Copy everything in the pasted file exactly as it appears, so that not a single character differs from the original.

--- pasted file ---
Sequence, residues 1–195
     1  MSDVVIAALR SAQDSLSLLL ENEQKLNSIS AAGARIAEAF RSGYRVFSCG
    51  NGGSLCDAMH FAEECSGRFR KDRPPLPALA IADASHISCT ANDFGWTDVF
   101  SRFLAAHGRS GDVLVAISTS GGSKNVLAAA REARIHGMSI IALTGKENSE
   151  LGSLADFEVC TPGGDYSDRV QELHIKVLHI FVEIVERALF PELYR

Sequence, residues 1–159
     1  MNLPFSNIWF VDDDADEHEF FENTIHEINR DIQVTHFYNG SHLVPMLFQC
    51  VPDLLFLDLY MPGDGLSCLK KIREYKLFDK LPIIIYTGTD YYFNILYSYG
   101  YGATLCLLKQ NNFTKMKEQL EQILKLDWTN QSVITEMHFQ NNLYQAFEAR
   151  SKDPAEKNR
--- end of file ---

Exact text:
Sequence, residues 1–195
     1  MSDVVIAALR SAQDSLSLLL ENEQKLNSIS AAGARIAEAF RSGYRVFSCG
    51  NGGSLCDAMH FAEECSGRFR KDRPPLPALA IADASHISCT ANDFGWTDVF
   101  SRFLAAHGRS GDVLVAISTS GGSKNVLAAA REARIHGMSI IALTGKENSE
   151  LGSLADFEVC TPGGDYSDRV QELHIKVLHI FVEIVERALF PELYR

Sequence, residues 1–159
     1  MNLPFSNIWF VDDDADEHEF FENTIHEINR DIQVTHFYNG SHLVPMLFQC
    51  VPDLLFLDLY MPGDGLSCLK KIREYKLFDK LPIIIYTGTD YYFNILYSYG
   101  YGATLCLLKQ NNFTKMKEQL EQILKLDWTN QSVITEMHFQ NNLYQAFEAR
   151  SKDPAEKNR